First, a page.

To make things more disturbing, it's implied that - despite being in on the Sith conspiracy to an extent - the Kaminoans are unaware of the true purpose of the "inhibitor chips" and that Dooku is lying to them too (Dooku said they were inhibitor chips in his conversations with Lama Su and Nala Se; they may not be aware that Tyranus and Dooku are the same person or that Tyranus is a Sith Lord).
Getting a better look at the true nature of the Kaminoans, you get the feeling life for the clones would have been a lot worse without Jedi such as Shaak Ti around. If a clone is seen as defective, they will at best be resigned to maintenance duty like 99 (who was only born malformed), or at worst, be euthanized for having any mental defects. Barring Pong Krell, the Jedi at least have the decency to treat them like human beings, whereas the Kaminoans only see them as slaves and property.
We get more buzz droid-related horror in "The Unknown" during the attack on the medical shuttle. Let's just say you don't want to be meeting those little gremlin-bots out in space. If you're the pilot and they drill into the cockpit, you're already dead.
Let's talk about Anakin Skywalker. You know? The guy with a list of Berserk Buttons and eventually becomes Darth Vader? He's been shown to be pretty scary in the past if you've managed to push one of those buttons (being a slaver, endangering or killing those he cares about, etc) , but his brutal beatdown of Rush Clovis for advancing on his wife in "The Rise of Clovis" is probably his darkest action in the history of the series. If Padme hadn't told him to stop and that he went too far, he probably would have fallen to the Dark Side a lot sooner.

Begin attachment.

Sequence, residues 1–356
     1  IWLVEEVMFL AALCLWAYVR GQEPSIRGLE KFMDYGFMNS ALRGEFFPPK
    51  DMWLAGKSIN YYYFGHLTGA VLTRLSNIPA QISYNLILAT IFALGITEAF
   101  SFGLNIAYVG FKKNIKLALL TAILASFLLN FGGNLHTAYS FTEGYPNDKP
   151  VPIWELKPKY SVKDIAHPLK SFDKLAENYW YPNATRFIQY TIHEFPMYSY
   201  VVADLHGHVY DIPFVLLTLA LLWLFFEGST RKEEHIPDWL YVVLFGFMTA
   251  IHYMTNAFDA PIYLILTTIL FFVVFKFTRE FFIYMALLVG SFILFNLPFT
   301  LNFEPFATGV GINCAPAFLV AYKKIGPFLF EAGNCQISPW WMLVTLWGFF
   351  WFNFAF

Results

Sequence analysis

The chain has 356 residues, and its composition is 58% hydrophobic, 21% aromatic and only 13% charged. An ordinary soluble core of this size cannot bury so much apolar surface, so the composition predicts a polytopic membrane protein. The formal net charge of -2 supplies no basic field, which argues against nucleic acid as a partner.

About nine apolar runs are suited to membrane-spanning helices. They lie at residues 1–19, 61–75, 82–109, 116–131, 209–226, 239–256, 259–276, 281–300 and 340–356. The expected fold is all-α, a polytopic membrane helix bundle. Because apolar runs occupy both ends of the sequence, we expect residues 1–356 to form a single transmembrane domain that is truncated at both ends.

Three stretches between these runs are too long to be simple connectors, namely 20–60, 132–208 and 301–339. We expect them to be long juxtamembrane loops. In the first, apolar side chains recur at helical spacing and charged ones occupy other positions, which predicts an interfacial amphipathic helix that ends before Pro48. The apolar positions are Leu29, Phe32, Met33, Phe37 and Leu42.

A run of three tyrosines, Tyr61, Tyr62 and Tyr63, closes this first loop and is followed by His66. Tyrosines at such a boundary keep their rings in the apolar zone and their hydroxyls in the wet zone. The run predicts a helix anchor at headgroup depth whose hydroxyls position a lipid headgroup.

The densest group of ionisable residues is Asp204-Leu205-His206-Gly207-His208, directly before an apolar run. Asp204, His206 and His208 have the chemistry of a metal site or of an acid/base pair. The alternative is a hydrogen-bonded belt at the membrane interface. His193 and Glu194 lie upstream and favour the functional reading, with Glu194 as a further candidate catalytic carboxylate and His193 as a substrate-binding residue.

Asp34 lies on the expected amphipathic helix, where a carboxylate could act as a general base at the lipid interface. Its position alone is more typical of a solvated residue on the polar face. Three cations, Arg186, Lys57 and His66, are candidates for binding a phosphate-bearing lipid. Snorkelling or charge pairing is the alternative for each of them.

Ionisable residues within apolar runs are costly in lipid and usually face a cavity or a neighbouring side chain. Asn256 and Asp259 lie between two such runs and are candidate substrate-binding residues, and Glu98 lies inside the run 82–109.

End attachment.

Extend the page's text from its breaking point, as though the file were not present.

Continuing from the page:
What makes it somewhat more disturbing is that, unlike in the movies, he is shown a lot more as a good person. The series basically shows how you can turn a hero into a villain without mind control, just a slow process that becomes slowly evident as the seasons go on. Many of Anakin's dark moments have some form of reasoning behind them (Force strangle Poggle the Lesser...to get the information to stop a zombie worm outbreak, his freakout over Rush Clovis being partially jealously, partially the fact that the last time he was around his wife, she was poisoned, etc.) If Sidious wanted to see someone else as his apprentice (Mace, Obi-Wan, etc), you'd probably see the same process be applied to them.
Also, Mother Talzin uses those stolen life-forces to power her magic. And according to Darth Maul: Son of Dathomir, she wastes away some of her body every time she casts a spell, adding another reason to why she's harvesting the living Force. You can tell she's already losing some of her body after having restored Darth Maul's sanity just by the fact that parts of her character model are phasing in and out of reality and "leaking" some of her magic. When her plan's foiled, she dissipates letting out a scream and she's left without a physical form for some time.